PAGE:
As graduation nears, many University of Indianapolis seniors are trying to figure out what their next steps will be. But senior creative writing major Wade Thiel already knows.
Thiel will work full-time for an alumni-run copywriting company where he has worked for the past year. And although he would prefer to write poems or novels, Thiel said that this is a good way to put his creative writing skills to use, and much better than having nothing.
“I never expected to come out of school with a job. I expected to be bar tending or working at a restaurant or wherever I was going to be working—in a factory or something. But it’s weird to think that I’m actually going to start a career,” he said. “… You end up with the things that you need by chasing the things that you want.”
Although simply graduating from UIndy does not guarantee students will find a dream job right away, alumni are able to find work with compensation that is competitive with national averages.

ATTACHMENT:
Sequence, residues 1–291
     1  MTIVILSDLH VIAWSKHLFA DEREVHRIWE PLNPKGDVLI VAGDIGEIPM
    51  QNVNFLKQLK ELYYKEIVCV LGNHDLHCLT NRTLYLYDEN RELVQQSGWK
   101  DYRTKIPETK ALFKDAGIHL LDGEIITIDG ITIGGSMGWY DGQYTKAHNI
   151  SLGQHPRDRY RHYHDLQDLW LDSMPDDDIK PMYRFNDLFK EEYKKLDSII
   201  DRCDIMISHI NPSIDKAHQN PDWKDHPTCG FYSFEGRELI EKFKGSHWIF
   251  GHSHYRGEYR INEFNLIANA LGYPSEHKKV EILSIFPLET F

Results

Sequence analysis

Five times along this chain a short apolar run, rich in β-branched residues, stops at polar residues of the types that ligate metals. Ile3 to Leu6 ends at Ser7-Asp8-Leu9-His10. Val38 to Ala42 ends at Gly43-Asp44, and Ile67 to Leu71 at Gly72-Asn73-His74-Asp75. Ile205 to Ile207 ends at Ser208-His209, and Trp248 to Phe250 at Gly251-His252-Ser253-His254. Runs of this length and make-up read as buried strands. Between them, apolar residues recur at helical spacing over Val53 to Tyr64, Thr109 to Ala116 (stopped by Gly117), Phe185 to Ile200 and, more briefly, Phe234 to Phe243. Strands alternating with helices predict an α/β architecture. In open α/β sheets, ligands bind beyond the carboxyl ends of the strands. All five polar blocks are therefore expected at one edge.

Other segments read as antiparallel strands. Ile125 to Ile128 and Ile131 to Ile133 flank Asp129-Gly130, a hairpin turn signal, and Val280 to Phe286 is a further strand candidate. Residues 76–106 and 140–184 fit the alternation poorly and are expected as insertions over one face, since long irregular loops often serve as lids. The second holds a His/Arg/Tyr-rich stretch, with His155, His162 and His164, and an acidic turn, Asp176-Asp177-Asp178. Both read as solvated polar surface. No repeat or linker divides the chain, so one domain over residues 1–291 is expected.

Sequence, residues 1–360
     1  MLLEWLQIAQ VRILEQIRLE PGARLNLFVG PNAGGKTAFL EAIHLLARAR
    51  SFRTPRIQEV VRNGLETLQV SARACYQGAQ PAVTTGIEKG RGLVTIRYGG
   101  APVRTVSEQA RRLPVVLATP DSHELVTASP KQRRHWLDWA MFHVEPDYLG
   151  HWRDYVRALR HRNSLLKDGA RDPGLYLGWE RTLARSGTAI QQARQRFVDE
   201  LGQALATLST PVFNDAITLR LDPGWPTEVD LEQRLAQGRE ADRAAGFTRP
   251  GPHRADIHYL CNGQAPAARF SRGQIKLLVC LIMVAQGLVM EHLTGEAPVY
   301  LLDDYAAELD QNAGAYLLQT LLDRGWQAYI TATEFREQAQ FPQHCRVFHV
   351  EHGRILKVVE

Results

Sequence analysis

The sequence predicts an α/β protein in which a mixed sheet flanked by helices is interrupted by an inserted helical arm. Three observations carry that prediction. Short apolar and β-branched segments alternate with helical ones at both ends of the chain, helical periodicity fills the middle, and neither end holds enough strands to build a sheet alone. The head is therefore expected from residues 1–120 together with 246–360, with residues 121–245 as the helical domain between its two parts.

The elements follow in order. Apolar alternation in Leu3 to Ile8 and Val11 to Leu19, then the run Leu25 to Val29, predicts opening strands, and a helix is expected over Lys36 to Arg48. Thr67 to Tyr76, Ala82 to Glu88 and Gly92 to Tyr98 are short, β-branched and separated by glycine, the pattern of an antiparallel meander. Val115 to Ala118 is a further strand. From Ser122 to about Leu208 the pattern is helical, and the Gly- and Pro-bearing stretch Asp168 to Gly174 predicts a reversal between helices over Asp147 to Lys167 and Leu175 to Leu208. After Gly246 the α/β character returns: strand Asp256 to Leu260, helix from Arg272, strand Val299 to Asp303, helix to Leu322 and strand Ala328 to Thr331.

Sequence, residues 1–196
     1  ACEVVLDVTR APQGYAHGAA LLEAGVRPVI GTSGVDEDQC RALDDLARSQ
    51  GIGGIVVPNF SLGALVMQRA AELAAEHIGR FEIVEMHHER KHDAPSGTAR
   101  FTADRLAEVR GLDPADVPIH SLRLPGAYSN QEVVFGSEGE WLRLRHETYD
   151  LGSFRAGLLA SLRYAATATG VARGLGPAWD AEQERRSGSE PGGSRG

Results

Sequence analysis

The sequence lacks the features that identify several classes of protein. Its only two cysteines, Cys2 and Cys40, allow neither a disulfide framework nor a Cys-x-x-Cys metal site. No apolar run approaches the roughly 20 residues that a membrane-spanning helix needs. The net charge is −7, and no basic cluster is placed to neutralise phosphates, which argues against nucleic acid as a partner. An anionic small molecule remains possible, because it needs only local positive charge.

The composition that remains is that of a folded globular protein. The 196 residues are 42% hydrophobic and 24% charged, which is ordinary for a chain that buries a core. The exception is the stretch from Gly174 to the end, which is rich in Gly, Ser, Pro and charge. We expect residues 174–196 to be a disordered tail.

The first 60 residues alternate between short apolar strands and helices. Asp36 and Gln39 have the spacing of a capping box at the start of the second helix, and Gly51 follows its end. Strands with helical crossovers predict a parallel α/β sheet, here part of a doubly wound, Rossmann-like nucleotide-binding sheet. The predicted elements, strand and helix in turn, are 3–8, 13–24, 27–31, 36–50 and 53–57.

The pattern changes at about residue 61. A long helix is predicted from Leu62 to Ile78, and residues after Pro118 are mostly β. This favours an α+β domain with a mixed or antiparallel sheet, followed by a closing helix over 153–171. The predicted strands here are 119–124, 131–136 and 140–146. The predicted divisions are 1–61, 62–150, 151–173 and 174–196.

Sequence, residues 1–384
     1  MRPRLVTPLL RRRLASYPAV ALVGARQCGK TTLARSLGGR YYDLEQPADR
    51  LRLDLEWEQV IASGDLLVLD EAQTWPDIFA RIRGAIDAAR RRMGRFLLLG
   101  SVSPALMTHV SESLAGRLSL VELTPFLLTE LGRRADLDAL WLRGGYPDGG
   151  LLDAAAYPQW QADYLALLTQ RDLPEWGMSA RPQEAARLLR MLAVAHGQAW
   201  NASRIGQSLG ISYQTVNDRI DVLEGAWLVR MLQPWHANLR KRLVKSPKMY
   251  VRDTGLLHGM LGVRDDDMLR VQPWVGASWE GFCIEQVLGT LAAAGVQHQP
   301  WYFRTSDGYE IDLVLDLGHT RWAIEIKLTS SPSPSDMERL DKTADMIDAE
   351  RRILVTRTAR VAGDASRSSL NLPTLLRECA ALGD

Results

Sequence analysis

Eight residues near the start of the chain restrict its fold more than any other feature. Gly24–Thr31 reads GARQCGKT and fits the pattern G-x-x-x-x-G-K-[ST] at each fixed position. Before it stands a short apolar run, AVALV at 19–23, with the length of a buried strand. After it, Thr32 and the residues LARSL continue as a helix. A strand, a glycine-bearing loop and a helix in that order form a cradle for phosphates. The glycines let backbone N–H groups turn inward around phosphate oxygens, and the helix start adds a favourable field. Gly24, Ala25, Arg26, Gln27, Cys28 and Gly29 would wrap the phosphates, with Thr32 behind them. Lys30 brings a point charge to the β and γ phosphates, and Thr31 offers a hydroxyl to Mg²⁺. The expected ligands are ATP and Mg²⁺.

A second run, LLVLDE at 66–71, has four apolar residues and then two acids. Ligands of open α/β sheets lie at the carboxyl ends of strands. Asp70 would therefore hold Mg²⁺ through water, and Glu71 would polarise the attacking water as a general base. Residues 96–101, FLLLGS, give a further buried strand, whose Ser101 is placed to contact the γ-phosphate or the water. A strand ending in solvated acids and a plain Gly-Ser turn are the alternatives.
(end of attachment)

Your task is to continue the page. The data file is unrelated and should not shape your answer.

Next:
A university study showed that UIndy alumni have a higher employment rate than other college graduates. The study compared itself to a national survey by Rutgers University, and found that 70.7 percent of UIndy alumni are employed full time, versus 51 percent nationally. The study also showed that 10.9 percent were enrolled full-time in graduate school, versus six percent nationally. With all the numbers counted, the percent of UIndy alumni who are unemployed but seeking work is 3.1 percent, versus six percent nationally.
The average starting salary for UIndy alumni living in Indiana is about $44,000 one year after graduation, according to university data. After five years, that average increases to about $55,000, which is slightly lower than the overall national average of $57,600, according to the Bureau of Labor and Statistics.
Vice President of Institutional Planning and Research Patrick Alles said that the salary figures are encouraging, but there is not enough data to compare the figure to the nation overall, even though cost of living is typically lower in the state.
“While it’s encouraging based on what we know for those working in Indiana, we also know that Indiana’s salaries compared to the nation are not quite as strong as some other areas,” he said. “So I think if we had data on graduates outside the state, those numbers would probably go up noticeably or substantially.”